Can you see it, the monster poised to munch my Scorpion pepper plant to nothing? It is manduca sexta, the tobacco hornworm. I can never decide if hornworms look scary or cute. This one didn’t seem so bad. We didn’t even toss it on its pointy little horn. Joseph, my husband, simply cut the branch and moved it to another part of the garden. Now, however, I’m on the lookout not only for the same caterpillar but others as well.
There is also a tomato hornworm, manduca quinquematulaca, which resembles it closely and also defoliates plants of the nightshade family (tomatoes, peppers, eggplants) of vegetables.
Both turn into large moths. I do like and enjoy the moths these fat green blobs turn into. They become Sphinx moths, also known as hawk or hummingbird moths. I’ve seen these moths in most of my gardens over the years. They look very much like hummingbirds, hovering over nectar plants, and they are good pollinators. But do I like them enough to willingly allow the caterpillars to defoliate what’s left of my summer garden? Probably not, but life in the garden is wonderfully varied and interesting.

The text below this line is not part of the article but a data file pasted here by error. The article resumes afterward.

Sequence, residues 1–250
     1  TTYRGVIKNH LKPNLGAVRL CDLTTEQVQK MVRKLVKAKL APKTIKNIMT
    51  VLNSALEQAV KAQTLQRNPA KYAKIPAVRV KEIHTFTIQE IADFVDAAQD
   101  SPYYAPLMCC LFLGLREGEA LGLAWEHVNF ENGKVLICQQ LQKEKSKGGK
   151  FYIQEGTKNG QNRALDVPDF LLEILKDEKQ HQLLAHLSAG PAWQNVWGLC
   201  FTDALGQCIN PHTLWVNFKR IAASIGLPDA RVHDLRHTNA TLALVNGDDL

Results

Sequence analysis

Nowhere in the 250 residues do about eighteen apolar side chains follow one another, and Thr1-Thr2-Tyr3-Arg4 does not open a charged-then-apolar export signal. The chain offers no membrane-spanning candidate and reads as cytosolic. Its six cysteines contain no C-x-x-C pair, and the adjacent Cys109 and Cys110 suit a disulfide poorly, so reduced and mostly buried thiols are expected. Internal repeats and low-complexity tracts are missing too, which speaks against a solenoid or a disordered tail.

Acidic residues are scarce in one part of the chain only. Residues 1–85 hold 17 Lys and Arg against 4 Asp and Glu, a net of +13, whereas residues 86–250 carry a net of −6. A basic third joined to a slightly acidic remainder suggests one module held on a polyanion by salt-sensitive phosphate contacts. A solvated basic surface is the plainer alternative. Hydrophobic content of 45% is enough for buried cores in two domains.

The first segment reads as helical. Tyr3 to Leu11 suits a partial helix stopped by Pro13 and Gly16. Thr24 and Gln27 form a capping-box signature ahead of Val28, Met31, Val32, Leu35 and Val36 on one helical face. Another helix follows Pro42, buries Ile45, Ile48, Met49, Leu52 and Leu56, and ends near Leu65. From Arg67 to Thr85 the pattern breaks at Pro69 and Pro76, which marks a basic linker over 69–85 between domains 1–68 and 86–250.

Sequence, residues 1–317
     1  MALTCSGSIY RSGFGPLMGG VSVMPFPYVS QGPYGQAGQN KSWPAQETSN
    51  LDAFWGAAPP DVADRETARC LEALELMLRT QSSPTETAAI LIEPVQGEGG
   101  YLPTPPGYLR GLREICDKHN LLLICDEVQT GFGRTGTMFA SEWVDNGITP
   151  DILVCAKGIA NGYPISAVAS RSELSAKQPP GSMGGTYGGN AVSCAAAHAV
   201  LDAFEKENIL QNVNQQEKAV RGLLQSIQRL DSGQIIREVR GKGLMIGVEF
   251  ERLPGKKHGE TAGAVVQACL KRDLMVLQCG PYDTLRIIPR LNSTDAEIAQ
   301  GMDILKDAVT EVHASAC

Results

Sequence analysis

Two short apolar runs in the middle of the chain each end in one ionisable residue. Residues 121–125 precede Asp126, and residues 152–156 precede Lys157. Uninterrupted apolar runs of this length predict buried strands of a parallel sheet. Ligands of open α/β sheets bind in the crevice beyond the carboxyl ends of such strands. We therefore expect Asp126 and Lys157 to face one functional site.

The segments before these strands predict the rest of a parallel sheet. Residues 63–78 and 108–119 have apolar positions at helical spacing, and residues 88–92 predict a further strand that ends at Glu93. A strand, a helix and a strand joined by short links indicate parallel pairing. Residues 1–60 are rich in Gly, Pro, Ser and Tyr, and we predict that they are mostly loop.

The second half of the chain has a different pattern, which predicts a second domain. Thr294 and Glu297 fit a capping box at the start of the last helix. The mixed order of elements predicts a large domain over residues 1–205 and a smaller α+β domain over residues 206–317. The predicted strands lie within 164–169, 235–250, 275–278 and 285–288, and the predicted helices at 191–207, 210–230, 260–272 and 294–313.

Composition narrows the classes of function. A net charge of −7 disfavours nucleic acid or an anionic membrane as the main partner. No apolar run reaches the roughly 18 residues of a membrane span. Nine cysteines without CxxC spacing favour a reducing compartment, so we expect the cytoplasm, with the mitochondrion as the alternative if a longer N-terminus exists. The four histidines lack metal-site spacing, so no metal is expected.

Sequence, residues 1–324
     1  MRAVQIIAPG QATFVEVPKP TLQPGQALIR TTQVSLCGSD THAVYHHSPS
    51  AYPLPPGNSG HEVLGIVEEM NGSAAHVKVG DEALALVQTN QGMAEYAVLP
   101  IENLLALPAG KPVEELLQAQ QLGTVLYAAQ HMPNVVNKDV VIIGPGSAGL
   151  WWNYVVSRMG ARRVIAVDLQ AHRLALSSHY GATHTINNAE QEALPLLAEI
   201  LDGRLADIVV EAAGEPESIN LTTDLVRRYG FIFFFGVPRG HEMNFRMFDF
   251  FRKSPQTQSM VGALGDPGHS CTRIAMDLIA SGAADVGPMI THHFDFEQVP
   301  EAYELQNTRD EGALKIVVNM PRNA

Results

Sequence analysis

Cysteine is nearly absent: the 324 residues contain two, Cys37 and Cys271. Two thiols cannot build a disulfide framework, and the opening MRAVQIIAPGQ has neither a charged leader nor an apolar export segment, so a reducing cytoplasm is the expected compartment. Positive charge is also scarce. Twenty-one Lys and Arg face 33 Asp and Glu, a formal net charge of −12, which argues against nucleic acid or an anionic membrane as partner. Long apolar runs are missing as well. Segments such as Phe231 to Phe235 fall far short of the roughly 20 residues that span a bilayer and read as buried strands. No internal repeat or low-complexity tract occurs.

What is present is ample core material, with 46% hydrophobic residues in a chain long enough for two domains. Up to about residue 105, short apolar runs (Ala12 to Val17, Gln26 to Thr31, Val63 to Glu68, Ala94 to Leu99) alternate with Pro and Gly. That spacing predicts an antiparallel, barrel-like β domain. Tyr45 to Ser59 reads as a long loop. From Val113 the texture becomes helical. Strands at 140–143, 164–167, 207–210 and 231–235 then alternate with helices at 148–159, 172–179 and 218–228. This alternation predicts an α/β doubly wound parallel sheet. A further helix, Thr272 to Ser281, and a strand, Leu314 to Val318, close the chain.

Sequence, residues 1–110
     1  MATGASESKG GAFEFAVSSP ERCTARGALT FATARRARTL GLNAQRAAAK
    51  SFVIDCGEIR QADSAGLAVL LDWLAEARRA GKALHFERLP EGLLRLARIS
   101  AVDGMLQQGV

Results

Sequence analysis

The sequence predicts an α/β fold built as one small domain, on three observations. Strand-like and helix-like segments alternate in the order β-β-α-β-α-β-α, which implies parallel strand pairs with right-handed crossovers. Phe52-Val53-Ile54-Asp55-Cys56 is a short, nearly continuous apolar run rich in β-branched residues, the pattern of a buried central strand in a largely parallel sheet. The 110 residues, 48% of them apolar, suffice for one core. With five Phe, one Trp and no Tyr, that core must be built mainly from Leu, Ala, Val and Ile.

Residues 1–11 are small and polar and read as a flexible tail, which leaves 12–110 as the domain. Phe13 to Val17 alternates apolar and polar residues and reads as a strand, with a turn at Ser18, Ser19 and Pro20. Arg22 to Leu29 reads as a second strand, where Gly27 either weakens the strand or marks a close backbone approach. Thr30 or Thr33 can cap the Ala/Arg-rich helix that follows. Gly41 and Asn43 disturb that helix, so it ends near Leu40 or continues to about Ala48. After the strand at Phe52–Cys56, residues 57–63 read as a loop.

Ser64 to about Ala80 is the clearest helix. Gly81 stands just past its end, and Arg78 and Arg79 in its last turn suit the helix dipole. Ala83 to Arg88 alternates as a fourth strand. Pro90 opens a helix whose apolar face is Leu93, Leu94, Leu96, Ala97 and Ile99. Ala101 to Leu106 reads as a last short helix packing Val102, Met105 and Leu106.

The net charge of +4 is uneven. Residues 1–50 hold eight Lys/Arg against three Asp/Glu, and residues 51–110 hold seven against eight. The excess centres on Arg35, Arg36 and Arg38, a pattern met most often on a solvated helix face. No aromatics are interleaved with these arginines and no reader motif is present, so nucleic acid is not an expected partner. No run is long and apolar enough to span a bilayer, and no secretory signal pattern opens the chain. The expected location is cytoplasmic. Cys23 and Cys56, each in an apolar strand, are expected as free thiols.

Pensée, French for a “thought.” It could be a romantic thought and pansies are small, sweet flowers for a meaningful bouquet. Happy Valentine’s Day in advance!
Until recently, I’ve never been much of a fan. I’m more partial to the smaller violas or Johnny Jump-ups, as they are commonly called.
Pansies, violas, wild violets all belong to the plant family Violaceae and the genus viola. They are varying degrees of fragrant and they are edible plants. Just be sure of the source.
Personally, I find pansies and violas to be cheerful, useful garden plants. I especially like the ones sometimes found in nurseries, those in hard-to-find, “designer” colors. But I don’t have a local, specialized nursery nearby and, anyway, I rarely skip the opportunity to look at plants, even those in the large, home improvement centers. That’s how I came to acquire a rather large amount of common pansies. We had a rare freeze in our area and it seems that the folks at the home improvement center didn’t think the pansies would make it. I stumbled upon bedding plants being sold at an outrageously low price and shopped accordingly.